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Tuition reregulation passes the Senate

Off to the House.

The Texas Senate unanimously approved legislation today that would sharply restrict the ability of public university governing boards to raise tuition. The measure now goes to the House.

Lawmakers granted boards of regents virtually unfettered authority in 2003 to control tuition. Increases since then have prompted something of a legislative backlash.

Some lawmakers wanted to withdraw all tuition-setting power from regents. Others had proposed a temporary moratorium on increases.
Senate Bill 1443, whose primary author is Sen. Judith Zaffirini, D-Laredo, would allow governing boards to raise tuition, mandatory fees and course fees at the state’s 35 public universities, but it would strictly limit such increases.

As Floor Pass notes, SB1443 is also supposed to “encourage” the Lege to appropriate more money to higher ed to make up the shortfall, which will be a necessary ingredient to this. We’ll see what the House makes of it.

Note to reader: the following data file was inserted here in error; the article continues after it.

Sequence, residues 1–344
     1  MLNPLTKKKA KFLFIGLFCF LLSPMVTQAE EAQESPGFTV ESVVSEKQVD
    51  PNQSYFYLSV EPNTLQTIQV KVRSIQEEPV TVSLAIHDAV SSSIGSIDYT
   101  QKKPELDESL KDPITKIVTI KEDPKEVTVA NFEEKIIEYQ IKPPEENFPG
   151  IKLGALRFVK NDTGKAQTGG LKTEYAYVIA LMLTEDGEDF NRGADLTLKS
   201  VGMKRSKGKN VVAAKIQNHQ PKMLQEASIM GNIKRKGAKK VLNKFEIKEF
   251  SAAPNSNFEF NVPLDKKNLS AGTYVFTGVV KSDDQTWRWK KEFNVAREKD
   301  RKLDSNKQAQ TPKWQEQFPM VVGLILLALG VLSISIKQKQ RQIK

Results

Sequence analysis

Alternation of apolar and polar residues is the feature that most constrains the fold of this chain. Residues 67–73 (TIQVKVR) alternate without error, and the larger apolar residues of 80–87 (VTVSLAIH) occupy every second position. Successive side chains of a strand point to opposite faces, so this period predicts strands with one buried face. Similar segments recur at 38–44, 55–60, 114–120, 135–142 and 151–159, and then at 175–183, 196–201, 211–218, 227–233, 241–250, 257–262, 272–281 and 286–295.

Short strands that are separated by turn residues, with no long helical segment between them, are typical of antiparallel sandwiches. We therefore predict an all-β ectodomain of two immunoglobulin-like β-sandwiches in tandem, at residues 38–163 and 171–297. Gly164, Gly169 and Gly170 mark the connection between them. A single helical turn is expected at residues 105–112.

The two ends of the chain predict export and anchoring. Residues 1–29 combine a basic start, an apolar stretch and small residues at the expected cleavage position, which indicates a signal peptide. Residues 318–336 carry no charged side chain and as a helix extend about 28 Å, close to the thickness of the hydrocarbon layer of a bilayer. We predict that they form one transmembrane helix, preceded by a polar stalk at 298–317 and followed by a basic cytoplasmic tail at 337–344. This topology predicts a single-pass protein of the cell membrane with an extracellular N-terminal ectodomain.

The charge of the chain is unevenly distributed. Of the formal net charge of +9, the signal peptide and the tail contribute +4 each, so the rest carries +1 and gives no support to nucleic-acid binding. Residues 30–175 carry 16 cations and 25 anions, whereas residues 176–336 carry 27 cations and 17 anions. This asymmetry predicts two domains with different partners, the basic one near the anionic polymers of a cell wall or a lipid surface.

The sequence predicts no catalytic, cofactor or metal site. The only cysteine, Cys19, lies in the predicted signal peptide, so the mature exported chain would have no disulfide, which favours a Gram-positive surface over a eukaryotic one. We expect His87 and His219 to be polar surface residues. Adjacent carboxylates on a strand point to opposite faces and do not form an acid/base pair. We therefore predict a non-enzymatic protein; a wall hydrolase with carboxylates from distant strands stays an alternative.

UPDATE: Here’s the Chron story on this.

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  1. Tuition deregulation is another example of failed trickle down economics. Tax breaks for the wealthiest among us trickled down as tuition hikes for the rest of us. Why anyone thought this was a good idea is beyond me.

  2. apmech says:

    After the ‘tuition-horse’ is out of the barn it’s a little late to close the door. Hopefully it may keep future skyrockets from happening, but my dollars have already gone to Austin, Denton ,Huntsville and even here in Harris County.

  3. Noel Freeman says:

    When I started my degree at Texas A&M, tuition was $88.50 per credit hour. By the time I graduated it was $133.00 per credit hour.